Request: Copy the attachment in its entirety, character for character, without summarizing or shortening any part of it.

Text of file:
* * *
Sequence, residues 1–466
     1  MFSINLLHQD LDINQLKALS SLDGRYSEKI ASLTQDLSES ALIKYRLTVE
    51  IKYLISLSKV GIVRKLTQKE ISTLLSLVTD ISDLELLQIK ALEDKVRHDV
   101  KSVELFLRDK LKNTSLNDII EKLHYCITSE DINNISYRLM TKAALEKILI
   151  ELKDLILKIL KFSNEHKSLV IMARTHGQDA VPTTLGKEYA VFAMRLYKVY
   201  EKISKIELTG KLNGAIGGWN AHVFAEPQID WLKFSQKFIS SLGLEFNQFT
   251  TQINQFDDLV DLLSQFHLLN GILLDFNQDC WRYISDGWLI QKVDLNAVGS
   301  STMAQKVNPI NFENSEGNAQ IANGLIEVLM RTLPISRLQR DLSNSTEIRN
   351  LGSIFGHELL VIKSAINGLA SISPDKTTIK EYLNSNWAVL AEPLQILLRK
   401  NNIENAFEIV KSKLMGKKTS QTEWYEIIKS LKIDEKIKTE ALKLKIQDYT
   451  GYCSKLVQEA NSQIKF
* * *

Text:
Sequence, residues 1–466
     1  MFSINLLHQD LDINQLKALS SLDGRYSEKI ASLTQDLSES ALIKYRLTVE
    51  IKYLISLSKV GIVRKLTQKE ISTLLSLVTD ISDLELLQIK ALEDKVRHDV
   101  KSVELFLRDK LKNTSLNDII EKLHYCITSE DINNISYRLM TKAALEKILI
   151  ELKDLILKIL KFSNEHKSLV IMARTHGQDA VPTTLGKEYA VFAMRLYKVY
   201  EKISKIELTG KLNGAIGGWN AHVFAEPQID WLKFSQKFIS SLGLEFNQFT
   251  TQINQFDDLV DLLSQFHLLN GILLDFNQDC WRYISDGWLI QKVDLNAVGS
   301  STMAQKVNPI NFENSEGNAQ IANGLIEVLM RTLPISRLQR DLSNSTEIRN
   351  LGSIFGHELL VIKSAINGLA SISPDKTTIK EYLNSNWAVL AEPLQILLRK
   401  NNIENAFEIV KSKLMGKKTS QTEWYEIIKS LKIDEKIKTE ALKLKIQDYT
   451  GYCSKLVQEA NSQIKF